New Yorkers Say Goodbye to Floating Park
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It seems that some New Yorkers hate things that float. An innovative and ambitious plan to erect a floating park on the Hudson River just off 13th Street West turned out to be a big letdown.
The floating park known as Pier 55 was supposed to be an undulating platform that would have stood on the pilings in the Hudson River. The developers had planned for a lush landscape dotted with stages for dance, music, and theater. It was nicknamed Diller Island because of the exorbitant costs of nearly $250 million. The funding was to be provided by media billionaire Barry Diller and his wife, Diane Von Furstenberg, a premier fashion designer in the nation.
Unfortunately, the floating park will remain a dream. Mr. Diller stated last week that he was closing down the project because of increasing costs, way beyond the initial estimate. In addition, he also has had to deal with never-ending lawsuits. He mentioned that while many New Yorkers were with him on this project, a select few were bitterly opposed and had used the legal system to make his plans near impossible.
The battle was between two mega-rich people; Diller versus Douglas Durst who is a New York real estate tycoon. Mr. Durst who was ferociously opposed to the plan of Diller Island and he had the money to back up his opposition. His primary objection was that all the planning for Pier 55 was conducted in secrecy and the entire idea was designed to be nothing but a playground for the filthy rich. He also stated that this monstrous island would also harm the marine life in the Hudson.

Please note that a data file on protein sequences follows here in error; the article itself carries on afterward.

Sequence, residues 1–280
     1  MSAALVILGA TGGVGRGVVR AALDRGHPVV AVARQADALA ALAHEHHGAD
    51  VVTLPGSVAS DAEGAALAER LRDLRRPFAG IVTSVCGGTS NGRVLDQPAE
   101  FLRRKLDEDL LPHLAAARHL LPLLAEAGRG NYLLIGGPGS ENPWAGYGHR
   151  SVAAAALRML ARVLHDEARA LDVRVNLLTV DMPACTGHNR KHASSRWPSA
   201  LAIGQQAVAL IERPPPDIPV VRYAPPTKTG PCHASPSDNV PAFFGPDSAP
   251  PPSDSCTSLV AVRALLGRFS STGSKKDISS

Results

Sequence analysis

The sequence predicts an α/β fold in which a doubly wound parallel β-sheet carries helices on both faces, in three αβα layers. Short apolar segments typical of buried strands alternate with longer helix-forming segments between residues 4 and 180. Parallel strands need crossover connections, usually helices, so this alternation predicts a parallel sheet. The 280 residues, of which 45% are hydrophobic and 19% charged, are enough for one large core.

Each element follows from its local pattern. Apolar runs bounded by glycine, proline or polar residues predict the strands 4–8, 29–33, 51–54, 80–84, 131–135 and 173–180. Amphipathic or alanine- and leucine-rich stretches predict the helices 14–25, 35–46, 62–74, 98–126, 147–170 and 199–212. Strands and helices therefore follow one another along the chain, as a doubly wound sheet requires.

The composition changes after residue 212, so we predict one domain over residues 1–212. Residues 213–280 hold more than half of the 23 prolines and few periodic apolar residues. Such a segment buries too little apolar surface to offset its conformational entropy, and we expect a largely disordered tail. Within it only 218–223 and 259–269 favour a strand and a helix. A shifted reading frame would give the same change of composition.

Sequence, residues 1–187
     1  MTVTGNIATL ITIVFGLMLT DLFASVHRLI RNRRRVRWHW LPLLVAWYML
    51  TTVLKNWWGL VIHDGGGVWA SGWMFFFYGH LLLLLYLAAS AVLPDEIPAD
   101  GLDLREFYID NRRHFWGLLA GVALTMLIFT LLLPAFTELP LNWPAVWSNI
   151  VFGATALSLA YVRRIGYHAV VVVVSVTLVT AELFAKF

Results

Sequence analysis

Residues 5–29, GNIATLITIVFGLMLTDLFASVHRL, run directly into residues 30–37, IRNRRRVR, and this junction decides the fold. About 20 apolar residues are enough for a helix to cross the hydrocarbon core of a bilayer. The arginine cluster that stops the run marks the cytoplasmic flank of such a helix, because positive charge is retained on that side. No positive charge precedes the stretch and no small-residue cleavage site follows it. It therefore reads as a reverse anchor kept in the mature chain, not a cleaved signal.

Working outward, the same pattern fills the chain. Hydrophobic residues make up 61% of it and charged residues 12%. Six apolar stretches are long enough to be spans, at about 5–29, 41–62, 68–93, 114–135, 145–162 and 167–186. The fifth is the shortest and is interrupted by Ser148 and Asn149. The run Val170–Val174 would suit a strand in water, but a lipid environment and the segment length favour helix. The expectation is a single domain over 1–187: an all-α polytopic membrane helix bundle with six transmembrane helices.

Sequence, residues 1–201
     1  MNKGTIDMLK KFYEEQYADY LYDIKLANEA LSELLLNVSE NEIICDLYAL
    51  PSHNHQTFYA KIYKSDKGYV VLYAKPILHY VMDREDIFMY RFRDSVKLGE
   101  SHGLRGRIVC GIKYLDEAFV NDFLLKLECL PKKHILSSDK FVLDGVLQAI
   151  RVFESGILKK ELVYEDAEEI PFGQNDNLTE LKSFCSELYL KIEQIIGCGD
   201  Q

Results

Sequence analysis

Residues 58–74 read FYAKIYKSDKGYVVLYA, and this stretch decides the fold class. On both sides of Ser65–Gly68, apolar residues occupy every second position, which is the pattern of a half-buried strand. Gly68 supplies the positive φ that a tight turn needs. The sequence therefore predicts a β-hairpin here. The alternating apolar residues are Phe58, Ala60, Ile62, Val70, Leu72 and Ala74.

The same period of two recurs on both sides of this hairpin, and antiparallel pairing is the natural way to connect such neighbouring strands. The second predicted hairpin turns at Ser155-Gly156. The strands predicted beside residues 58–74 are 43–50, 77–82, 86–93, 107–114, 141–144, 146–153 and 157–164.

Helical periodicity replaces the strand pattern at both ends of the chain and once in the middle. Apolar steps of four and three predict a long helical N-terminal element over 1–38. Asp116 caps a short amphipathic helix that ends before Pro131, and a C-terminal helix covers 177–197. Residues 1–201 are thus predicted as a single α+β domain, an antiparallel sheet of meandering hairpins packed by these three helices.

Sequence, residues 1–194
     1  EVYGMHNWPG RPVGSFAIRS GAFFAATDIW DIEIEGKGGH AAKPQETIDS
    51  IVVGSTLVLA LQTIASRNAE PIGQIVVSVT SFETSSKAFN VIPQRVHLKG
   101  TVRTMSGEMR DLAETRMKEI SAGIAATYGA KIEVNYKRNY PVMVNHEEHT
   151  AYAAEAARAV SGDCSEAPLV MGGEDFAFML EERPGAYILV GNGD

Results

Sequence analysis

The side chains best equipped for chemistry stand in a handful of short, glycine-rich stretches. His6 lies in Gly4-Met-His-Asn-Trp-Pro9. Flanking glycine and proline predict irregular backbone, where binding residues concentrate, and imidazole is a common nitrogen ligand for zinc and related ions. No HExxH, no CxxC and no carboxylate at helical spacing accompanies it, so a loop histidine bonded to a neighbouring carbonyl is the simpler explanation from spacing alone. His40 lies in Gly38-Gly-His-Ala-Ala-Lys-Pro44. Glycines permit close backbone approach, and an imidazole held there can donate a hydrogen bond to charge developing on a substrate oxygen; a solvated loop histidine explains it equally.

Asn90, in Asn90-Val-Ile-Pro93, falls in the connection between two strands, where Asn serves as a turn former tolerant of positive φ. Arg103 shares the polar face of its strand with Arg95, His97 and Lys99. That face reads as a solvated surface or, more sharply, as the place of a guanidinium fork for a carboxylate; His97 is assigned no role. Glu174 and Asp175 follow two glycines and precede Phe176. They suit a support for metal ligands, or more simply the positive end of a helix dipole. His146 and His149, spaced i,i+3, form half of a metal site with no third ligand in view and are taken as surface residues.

The project did have ample support from the Army Corp of Engineers and New York City officials who had already approved permits for such a construction. Both the Governor and Mayor were also in support of this project.
Mr. Diller argued against this allegation that Pier 55 would have been a playground for the super-rich. He pointed out that in the agreement with the city, at least half the theater performance was going to be set at low prices and some would even be free so that the average New Yorker could attend.
However, for now, the plug on Pier 55 has been pulled out. Some believe that in future someone else with money may reconsider the same project. But one thing is for sure: the local government has no money for such a project.